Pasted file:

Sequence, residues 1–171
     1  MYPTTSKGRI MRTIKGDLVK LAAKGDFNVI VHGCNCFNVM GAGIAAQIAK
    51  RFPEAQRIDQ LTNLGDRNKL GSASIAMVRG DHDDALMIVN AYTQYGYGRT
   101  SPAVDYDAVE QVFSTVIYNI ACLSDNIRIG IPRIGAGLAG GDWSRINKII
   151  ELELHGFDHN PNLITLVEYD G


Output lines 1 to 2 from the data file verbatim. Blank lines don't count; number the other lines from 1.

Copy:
Sequence, residues 1–171
     1  MYPTTSKGRI MRTIKGDLVK LAAKGDFNVI VHGCNCFNVM GAGIAAQIAK